No one likes paying taxes. Preparing your annual tax return in Pennsylvania can be a major nuisance, especially if you have multiple sources of income or other complicating factors.
Whether you have a simple or complex estate, there is a fair chance that you could be paying less in taxes. Streamlined tax preparation services do make the process simpler, but they have also prevented many Americans from understanding the full breadth of options available to them.
Our Pittsburgh tax planning CPA can help you minimize the impact of income and estate taxes. Our team at the Mt. Jackson Group takes a big picture approach to our suite of services and aims to help you make the most of your resources. One of our partners is a certified public accountant (CPA) who can evaluate your tax situation and provide the attentive and sophisticated guidance you deserve. If you are a high-net-worth individual worried about estate taxes, we can help you proactively prepare and take steps to safeguard and maximize the value of your estate.
Many digital tax preparation services urge Americans to take the “standard deduction” when preparing their income taxes. In lieu of itemizing deductions, this approach allows you to deduct a flat fee. The amount of this deduction is regularly adjusted for inflation.
The standard deduction is convenient and allows you to move through the preparation and filing processes faster, but it often not the most advantageous tax strategy. While it takes more work, itemizing your tax return can potentially produce significant savings. However, it requires careful planning and recordkeeping. The Internal Revenue Service (IRS) may later require that you prove you qualify for a deduction or credit.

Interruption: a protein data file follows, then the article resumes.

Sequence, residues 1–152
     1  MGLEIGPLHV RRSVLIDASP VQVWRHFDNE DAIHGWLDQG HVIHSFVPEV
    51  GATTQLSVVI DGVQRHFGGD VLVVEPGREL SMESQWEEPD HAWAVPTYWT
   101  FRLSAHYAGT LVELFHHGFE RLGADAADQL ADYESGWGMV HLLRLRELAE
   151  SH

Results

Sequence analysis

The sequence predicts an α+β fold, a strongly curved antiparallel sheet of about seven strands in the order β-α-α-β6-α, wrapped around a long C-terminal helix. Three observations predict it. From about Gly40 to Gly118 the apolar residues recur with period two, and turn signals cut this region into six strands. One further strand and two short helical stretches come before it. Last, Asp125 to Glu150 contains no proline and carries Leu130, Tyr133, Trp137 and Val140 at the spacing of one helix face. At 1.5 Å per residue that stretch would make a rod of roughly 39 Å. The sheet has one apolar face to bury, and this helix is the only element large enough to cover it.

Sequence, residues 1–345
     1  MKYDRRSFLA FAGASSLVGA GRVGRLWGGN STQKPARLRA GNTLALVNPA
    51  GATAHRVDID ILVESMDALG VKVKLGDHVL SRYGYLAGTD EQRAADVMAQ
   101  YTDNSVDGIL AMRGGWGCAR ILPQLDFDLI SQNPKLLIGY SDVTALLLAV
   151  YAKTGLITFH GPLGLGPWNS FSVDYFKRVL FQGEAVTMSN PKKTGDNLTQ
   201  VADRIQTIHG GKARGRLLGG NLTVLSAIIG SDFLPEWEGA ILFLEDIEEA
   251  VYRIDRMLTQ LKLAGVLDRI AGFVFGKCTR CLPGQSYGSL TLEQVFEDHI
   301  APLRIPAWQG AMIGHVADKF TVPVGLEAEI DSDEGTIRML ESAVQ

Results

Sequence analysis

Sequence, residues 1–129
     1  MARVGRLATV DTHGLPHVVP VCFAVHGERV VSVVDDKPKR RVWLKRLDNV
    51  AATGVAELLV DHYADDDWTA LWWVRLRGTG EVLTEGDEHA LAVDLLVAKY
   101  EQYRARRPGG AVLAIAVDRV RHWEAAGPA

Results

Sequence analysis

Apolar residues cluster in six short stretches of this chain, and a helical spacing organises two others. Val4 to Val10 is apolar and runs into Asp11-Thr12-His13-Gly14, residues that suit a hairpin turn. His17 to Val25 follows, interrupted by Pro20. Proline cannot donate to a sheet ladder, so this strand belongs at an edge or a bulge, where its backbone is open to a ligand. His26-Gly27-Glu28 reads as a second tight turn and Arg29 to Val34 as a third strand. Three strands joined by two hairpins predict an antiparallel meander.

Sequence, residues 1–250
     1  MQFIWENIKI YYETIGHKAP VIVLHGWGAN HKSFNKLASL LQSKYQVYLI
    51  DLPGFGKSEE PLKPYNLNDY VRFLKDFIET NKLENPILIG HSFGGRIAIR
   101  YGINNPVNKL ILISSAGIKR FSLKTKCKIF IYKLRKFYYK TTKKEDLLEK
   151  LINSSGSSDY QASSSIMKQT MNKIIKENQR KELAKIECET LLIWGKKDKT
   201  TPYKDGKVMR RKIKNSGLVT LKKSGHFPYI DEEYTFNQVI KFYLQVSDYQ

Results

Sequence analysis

It is also important to understand the difference between a tax deduction and a tax credit. A deduction reduces your total taxable income, while a credit lowers your final tax bill. Both will ultimately work to reduce what you owe to the IRS.
Examples of common tax deductions and credits include:
- American Opportunity credit – itemizable when you seek a college education
- Charitable contributions – itemizable when you donate qualifying assets to philanthropic organizations
- Child tax credit – itemizable when you are a parent
- Home office expenses – itemizable when you exclusively use a portion of your home as an office space
- Medical expenses – itemizable when you incur healthcare costs
- Mortgage interest – itemizable when mortgage payments on your primary home go toward addressing interest
- Property taxes – itemizable when you pay property taxes on real estate
Our Pittsburgh tax planning CPA can help you maximize available deductions and credits. We are familiar with the intricacies of these tools and can ensure you meet all requirements for each deduction or credit. Our team can also assist you with keeping the appropriate records and help you strategically structure your estate in ways that work to lower your tax bill.